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In My Father's Shoes

The lamp of the bright life darkened.
When my father life was taken by God.
It was the darkest moment ever
experienced by my mother and family.

We are family of ten. I am the eldest.
That time I was twenty years of age.
A new graduate and has no job yet.
My mother's teary, query eyes was on me.

I saw in her eyes what she meant
sickly diabetic mother, ten children
with five years old as the youngest.
Thats a lot to feed in one day and on.

I was dumbstruck. Like in a black cloak
on my face with small hole to peep.
I have to visualize the future. Survival
I have to toil and family to take care of.

In storm of life we are in. We should get out.
I step up, step in to my father's shoes.
And walk to search the sunshine of hope.
Then I took the road across the ocean.

From east, to west end road sunshine I found.
At that side of the world I got the decent job.
Earnings, enough to pay my mother's
health bills and family expenses.

Finally time came, self sacrifices paid off.
My brothers and sisters finished college.
Load to my shoulders time to unload
That's I think of, but I can't.

Poverty in my native land, social cancer of sort.
Still I have to run, carry the load to bear.
To take the shoes off? Nay. Still to wear, support.
I have conscience, a heart, I care.

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Hermann And Dorothea - II. Terpsichore

HERMANN.

THEN when into the room the well-built son made his entry,
Straightway with piercing glances the minister eyed him intently,
And with carefulness watch'd his looks and the whole of his bearing,
With an inquiring eye which easily faces decyphers;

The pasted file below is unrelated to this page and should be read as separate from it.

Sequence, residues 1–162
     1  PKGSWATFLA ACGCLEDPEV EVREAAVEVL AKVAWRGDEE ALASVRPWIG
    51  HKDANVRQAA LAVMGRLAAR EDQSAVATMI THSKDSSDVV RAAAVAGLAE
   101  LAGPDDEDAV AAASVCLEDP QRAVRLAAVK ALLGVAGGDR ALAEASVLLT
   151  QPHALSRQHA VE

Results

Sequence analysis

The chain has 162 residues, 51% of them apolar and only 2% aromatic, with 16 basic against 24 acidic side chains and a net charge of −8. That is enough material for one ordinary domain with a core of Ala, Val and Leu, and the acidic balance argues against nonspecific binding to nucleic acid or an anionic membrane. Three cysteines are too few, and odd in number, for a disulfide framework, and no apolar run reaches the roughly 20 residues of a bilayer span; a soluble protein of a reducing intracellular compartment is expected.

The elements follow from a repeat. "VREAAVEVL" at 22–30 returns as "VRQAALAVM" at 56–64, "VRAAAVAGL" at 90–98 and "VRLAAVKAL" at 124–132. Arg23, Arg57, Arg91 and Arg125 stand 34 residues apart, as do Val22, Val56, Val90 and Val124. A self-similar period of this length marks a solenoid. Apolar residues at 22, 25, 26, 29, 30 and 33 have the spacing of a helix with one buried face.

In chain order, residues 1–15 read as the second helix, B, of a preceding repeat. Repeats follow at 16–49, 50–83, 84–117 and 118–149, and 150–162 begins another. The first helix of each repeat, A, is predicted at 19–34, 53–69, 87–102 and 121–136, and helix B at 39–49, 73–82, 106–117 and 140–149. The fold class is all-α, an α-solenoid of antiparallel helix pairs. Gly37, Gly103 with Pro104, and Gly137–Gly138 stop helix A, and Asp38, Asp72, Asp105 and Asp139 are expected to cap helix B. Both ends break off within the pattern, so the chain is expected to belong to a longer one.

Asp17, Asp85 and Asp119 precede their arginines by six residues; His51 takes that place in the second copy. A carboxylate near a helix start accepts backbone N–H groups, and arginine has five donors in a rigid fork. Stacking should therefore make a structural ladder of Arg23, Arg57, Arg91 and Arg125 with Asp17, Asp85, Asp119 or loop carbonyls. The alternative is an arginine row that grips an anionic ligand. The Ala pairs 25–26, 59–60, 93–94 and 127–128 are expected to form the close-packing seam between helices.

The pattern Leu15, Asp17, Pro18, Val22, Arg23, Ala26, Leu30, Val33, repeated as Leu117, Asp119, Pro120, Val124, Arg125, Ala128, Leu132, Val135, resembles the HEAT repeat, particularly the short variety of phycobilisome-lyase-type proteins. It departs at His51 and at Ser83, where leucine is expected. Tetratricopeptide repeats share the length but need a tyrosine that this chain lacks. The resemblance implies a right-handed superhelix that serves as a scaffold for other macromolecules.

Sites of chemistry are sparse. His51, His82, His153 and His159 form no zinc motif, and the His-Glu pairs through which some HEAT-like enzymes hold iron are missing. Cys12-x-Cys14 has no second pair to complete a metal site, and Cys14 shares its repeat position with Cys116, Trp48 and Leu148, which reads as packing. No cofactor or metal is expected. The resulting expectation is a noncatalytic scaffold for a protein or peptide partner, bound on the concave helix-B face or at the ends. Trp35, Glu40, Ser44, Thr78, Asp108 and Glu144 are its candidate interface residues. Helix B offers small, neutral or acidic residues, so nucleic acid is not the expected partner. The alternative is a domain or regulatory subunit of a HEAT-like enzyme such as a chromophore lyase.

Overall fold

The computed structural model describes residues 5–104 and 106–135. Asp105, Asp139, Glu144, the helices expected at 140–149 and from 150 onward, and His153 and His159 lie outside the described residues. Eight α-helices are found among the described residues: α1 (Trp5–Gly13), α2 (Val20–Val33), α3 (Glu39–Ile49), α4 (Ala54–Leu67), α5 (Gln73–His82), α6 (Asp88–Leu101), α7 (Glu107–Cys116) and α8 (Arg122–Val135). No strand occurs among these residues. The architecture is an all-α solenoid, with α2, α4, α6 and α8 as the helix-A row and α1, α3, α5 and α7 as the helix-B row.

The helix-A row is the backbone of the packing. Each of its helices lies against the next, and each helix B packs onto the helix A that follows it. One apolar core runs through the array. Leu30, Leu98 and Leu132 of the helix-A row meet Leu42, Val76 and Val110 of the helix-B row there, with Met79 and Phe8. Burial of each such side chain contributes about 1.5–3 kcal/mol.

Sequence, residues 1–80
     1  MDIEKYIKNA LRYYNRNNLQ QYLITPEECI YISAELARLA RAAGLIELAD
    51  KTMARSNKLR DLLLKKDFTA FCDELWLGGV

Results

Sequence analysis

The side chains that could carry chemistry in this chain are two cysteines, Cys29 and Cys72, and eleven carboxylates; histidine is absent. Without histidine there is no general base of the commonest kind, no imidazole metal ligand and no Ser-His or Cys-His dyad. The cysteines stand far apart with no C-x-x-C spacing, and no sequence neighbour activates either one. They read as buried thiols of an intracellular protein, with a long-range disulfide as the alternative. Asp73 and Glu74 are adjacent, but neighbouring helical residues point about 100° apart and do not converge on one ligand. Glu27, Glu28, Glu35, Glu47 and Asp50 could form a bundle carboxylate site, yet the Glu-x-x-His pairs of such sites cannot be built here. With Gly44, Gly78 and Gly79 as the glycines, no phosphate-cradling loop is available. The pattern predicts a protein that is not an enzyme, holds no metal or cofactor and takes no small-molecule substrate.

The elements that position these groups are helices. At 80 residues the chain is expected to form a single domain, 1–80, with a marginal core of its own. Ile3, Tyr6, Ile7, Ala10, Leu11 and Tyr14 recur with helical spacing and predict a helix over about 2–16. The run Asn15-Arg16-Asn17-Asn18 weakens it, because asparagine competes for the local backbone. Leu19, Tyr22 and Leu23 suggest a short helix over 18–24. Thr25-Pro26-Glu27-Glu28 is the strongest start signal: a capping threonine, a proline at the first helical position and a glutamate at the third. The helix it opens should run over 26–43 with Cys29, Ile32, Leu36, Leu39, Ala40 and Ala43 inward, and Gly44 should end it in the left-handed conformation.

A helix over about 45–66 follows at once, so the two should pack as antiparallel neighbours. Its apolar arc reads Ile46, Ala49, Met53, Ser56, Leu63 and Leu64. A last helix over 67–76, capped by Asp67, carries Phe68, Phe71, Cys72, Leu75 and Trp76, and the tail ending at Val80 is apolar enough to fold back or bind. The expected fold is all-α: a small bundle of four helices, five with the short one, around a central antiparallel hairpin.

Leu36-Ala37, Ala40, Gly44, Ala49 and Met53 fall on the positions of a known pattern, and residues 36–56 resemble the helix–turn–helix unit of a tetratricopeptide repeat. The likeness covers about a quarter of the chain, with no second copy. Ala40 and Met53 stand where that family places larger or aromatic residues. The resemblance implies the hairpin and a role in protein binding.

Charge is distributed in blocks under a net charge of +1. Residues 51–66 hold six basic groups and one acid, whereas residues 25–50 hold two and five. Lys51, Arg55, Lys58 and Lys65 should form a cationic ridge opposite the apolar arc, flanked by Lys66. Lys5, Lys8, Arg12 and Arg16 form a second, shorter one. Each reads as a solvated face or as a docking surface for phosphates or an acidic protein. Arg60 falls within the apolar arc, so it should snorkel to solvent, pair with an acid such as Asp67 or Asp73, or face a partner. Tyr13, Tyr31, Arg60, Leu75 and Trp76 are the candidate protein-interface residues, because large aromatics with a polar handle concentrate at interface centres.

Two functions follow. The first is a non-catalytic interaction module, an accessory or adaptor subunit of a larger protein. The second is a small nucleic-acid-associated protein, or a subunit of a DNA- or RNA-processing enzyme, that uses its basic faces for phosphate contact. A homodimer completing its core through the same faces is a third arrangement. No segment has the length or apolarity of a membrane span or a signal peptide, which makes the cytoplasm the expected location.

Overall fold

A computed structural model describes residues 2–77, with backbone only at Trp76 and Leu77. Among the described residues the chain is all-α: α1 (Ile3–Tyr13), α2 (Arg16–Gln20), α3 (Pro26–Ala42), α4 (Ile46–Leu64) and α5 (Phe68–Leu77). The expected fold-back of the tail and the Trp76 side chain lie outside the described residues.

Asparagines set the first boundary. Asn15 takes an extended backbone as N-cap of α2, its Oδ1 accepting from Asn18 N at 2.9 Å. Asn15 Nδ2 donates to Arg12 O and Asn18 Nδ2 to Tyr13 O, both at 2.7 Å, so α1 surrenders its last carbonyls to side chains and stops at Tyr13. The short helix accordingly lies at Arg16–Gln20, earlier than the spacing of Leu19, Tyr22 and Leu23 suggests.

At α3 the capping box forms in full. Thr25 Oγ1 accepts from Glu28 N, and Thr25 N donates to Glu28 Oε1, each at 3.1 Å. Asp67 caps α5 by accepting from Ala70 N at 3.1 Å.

Then he smiled, and with cordial words address'd him as follows
'How you are changed in appearance, my friend! I never have seen you
Half so lively before; your looks are thoroughly cheerful.
You have return'd quite joyous and merry. You've doubtless divided
All of the presents amongst the poor, their blessings receiving.'

Then in calm accents replied the son, with gravity speaking
'Whether I've laudably acted, I know not; I follow'd the impulse
Of my own heart, as now I'll proceed to describe with exactness.
Mother, you rummaged so long, in looking over old pieces,
And in making your choice, that 'twas late when the bundle was ready,
And the wine and the beer were slowly and carefully pack'd up.
When I at length emerged at the gate, and came on the highway,
Streams of citizens met I returning, with women and children,
For the train of the exiles had long disappear'd in the distance.
So I quicken'd my pace, and hastily drove to the village
Where I had heard that to-night to rest and to sleep they intended.
Well, as I went on my way, the newly-made causeway ascending,
Suddenly saw I a waggon, of excellent timber constructed,
Drawn by a couple of oxen, the best and the strongest of foreign.
Close beside it there walk'd, with sturdy footsteps, a maiden,
Guiding the two strong beasts with a long kind of staff, which with skill she
Knew how to use, now driving, and now restraining their progress.
When the maiden observed me, she quietly came near the horses,
And address'd me as follows:--'Our usual condition, believe me,
Is not so sad as perchance you might judge from our present appearance.
I am not yet accustom'd to ask for alms from a stranger,
Who so often but gives, to rid himself of a beggar.
But I'm compell'd to speak by necessity. Here on the straw now
Lies the lately-confined poor wife of a wealthy landowner,
Whom with much trouble I managed to save with oxen and waggon.
We were late in arriving, and scarcely with life she escaped.
Now the newly-born child in her arms is lying, all naked,
And our friends will be able to give them but little assistance,
E'en if in the next village, to which to-night we are going,
We should still find them, although I fear they have left it already.
If you belong to the neighbourhood, any available linen
These poor people will deem a most acceptable present.

'Thus she spake, and wearily raised herself the pale patient
Up from the straw and gazed upon me, while thus I made answer
'Oft doth a heavenly spirit whisper to kind-hearted people,
So that they feel the distress o'er their poorer brethren impending;